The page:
More than 150 languages and scripts are supported in this global super family, which uses the warmth and clarity of the original Frutiger design to help brands communicate around the world with consistency.
With businesses becoming ever more global, brands need to maintain their carefully honed visual identity and tone of voice across a number of different languages and styles of communication. Neue Frutiger World – the result of years of work by an extensive team of type designers – helps respond to this growing need.
It extends the original typeface by Adrian Frutiger, which he created in the mid-70s for the Charles De Gaulle Airport near Paris. Legibility and approachability run throughout this typeface, described by Monotype Type Director Akira Kobayashi as having a “certain organic and friendly tone of voice.”
Neue Frutiger World stays true to the original's design DNA, but stretches it to accommodate a multitude of languages. More than 150 are supported by Neue Frutiger World, including Greek, Cyrillic, Georgian, Armenian, Hebrew, Arabic, Thai, and Vietnamese.
Despite covering such an extensive linguistic palette, Neue Frutiger World has been designed with harmony in mind. It lets languages work alongside one another, but also ensures that companies operating in different countries can be confident that their branding is consistent, regardless of script or language. The type family also works seamlessly with Monotype’s new set of companion CJK designs: M XiangHe Hei, Tazugane Info, Tazugane Gothic, and Seol Sans. These are particularly relevant as, for many companies, commissioning a custom typeface to cover those languages is unfeasible in terms of cost and time.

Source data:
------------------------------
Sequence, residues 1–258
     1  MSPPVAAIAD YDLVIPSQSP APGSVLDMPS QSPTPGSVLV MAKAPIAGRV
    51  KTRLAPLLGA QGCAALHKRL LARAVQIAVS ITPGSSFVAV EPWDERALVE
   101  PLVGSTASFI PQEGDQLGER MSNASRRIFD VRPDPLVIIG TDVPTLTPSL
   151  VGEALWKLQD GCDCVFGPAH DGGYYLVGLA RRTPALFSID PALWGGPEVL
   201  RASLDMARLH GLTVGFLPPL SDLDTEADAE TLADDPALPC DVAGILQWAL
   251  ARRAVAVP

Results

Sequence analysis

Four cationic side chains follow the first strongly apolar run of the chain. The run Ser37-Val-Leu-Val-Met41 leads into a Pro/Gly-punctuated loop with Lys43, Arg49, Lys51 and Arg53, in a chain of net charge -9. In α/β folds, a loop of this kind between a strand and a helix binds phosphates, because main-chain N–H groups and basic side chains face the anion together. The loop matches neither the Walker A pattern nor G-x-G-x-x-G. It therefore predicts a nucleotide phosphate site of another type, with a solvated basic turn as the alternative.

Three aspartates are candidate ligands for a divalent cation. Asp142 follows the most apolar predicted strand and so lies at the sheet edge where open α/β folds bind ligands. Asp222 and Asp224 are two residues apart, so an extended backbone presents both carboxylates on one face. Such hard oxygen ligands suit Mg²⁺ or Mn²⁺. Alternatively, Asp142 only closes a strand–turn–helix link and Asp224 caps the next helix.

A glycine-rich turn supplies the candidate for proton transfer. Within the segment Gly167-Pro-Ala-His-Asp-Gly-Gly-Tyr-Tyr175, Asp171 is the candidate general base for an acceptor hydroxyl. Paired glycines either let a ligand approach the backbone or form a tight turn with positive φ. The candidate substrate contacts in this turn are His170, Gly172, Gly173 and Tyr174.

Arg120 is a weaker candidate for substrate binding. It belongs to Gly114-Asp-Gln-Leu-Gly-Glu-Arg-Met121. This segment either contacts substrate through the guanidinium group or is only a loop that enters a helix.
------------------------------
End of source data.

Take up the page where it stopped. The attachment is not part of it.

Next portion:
“A new typeface with a humanist touch was in high demand in China, Japan and Korea,” says Monotype type director Akira Kobayashi, who led the Neue Frutiger World design team. “We believed that we could make it with an original approach.”
“Before Neue Frutiger World, and its companion CJK fonts, it was not an easy task for western brands to find families in Chinese, Japanese and Korean which match with their Latin,” adds Kobayashi. “They may find a type with closer expression, but there was no guarantee if the bold version in the CJK family matches the bold in their Latin. Neue Frutiger World offers a better solution.”
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